proteins and wildlife." J Reprod Immunol 83(1-2): 151-7. 

J. F. Kirkpatrick and A. Turner (2002). "Reversibility of action and safety during pregnancy of 
immunization against porcine zona pellucida in wild mares (Equus caballus)." Reprod 
Suppl 60: 197-202. 

I. K. Liu, J. W. Turner, Jr., et al. (2005). "Persistence of anti-zonae pellucidae antibodies 
following a single inoculation of porcine zonae pellucidae in the domestic equine." 
Reproduction 129(2): 181-90. 

Cassandra M. V. Nunez, James S. Adelman, et al. (2010). "Immunoctraception in Wild Horses 
(Equus caballus) Extends Reproductive Cycling Beyond the Normal Breeding Season." 
PLos ONE 5(10): 1-10.

(Posted for educational purposes)

Stop the Roundups Rally in Sacramento July 10th at 2 pm outside the Federal Courthouse

Come to the rally to show that you care about the wild horses and burros in America.

Terri Farley speaks at the Rally to Stop the Roundups (Photo © Anne Novak.)

The Sacramento Stop the Roundups Rally and Press Conference is at 2 p.m. July 10th on the sidewalk outside the Federal Courthouse across from the Amtrak station. ( 501 ” I ” Street at the 5th Street intersection in Sacramento, CA 95814)

Here is a list of speakers:

Carla Bowers, National Wild Horse Advocate

Tina Brodrick, Owner of Sonny Boys Tours

Craig Downer, Wildlife Biologist and acclaimed Wild Horse and Burro Expert

Terri Farley, Award winning writer and beloved author of The Phantom Stallion series

Cat Kindsfather, Award winning wild horse photographer

Marilyn Kroplick, MD, Board President for In Defense of Animals

Simone Netherlands, President of Respect for Horses

Anne Novak, Executive Director of Protect Mustangs

Jetara Séhart, Executive Director of Native Wild Horse Protection & Marin Mustangs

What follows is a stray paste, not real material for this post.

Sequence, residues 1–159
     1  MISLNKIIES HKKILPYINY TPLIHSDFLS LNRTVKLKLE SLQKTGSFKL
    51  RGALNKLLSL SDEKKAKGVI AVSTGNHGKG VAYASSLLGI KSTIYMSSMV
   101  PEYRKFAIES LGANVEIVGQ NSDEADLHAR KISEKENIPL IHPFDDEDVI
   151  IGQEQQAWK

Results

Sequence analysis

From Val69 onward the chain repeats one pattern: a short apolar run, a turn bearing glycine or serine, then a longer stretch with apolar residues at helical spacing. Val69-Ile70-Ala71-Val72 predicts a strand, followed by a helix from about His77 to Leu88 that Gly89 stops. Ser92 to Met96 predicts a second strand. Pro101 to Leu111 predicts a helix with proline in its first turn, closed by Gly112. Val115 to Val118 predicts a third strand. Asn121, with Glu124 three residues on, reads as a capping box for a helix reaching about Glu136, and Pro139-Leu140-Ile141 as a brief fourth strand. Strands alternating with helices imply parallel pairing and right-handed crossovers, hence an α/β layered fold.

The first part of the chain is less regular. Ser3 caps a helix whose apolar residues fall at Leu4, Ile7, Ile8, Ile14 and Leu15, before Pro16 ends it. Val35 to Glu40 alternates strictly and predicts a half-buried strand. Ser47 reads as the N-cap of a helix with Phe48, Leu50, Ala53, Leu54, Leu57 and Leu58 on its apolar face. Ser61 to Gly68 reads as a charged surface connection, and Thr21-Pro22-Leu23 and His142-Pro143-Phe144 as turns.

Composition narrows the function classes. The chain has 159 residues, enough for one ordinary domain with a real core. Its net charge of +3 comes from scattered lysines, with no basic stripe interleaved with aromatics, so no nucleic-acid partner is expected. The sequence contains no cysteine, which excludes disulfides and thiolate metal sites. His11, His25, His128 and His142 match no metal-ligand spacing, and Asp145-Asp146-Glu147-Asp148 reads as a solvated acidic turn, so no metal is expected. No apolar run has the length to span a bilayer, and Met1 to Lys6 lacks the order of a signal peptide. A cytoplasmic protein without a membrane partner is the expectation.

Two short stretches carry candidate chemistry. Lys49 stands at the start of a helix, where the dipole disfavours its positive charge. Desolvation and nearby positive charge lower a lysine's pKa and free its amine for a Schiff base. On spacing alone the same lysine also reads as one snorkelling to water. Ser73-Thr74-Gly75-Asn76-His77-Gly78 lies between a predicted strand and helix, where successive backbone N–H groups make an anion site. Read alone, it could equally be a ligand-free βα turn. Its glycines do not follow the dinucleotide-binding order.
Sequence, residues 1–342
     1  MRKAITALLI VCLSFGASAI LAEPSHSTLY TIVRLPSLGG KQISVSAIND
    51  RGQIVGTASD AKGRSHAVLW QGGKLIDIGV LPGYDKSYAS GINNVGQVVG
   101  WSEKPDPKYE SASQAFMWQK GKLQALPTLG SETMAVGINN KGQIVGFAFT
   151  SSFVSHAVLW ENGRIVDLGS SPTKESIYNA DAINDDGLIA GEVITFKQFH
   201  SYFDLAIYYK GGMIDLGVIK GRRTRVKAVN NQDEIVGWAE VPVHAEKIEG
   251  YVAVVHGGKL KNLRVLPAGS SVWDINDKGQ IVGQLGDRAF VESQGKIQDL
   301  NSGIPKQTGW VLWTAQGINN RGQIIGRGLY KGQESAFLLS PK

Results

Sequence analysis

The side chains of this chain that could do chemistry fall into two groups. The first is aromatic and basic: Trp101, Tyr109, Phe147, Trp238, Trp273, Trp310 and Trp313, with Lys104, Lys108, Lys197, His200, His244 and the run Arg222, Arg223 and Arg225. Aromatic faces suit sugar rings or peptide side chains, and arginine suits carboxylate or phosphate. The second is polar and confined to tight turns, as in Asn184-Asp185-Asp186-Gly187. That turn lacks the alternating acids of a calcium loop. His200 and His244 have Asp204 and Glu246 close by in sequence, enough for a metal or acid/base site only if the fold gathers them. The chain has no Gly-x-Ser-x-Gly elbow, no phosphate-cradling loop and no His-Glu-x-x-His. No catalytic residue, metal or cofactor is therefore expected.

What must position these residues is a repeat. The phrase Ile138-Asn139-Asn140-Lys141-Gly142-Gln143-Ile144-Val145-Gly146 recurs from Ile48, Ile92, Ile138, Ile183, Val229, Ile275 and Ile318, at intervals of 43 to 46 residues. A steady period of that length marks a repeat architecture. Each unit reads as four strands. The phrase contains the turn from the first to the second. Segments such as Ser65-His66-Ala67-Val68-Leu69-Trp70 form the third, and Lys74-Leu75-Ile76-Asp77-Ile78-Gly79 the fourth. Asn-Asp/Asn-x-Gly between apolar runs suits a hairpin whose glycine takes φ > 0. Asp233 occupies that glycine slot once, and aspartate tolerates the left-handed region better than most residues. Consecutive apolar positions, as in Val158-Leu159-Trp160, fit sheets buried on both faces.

Robin Warren  (Wild Mustang Robin), Director of The Youth Campaign for Protect Mustangs

Bring homemade signs and your friends. It will be hot so bring a rain umbrella for shade and plenty of water. Protect Mustangs encourages members of the public to carpool or take Amtrak to save on fuel and reduce pollution. Oil and gas extraction–on public land–is one of the main reasons wild horses are being wiped off their home on the range.  Be part of the solution and take the train if you can.

The voiceless wild horses and burros need your help after the rally too. Give oral or written comment against helicopter roundups and attend the 6:30 pm BLM Wild Horse & Burro Helicopter/Vehicle Use Public Hearing for roundups and management. The meeting runs from 6:30-8:30 PM at the Woodlake Hotel (formerly the Radisson near Arden Fair Mall) 500 Leisure Lane in Sacramento.

“Like” and check for updates on our Facebook page: http://www.facebook.com/ProtectMustangs

Join the dynamic conversation on Facebook about helicopter roundups: http://www.facebook.com/photo.php?fbid=387209591338066&set=a.240625045996522.58710.233633560029004&type=1&theater

Driving directions from the rally to the meeting:

Driving directions to 500 Leisure Ln, Sacramento, CA 95815
501 I St
Sacramento, CA 95814
1. Head north on 5th St toward H St
194 ft
2. 5th St turns right and becomes H St
0.8 mi
3. Turn left onto CA-160 N/16th St

Continue to follow CA-160 N
2.3 mi
4. Take exit 47A for Leisure Ln towardCanterbury Rd
0.1 mi
5. Keep left at the fork, follow signs forLeisure
79 ft
6. Turn left onto Leisure Ln

Destination will be on the right
354 ft
500 Leisure Ln
Sacramento, CA 95815

Special thanks to Jetara Séhart, Executive Director of Native Wild Horse Protection & Marin Mustangs for her help to put together this event.

If you have any questions or would like to speak at the rally feel free to send us an email at Contact@ProtectMustangs.org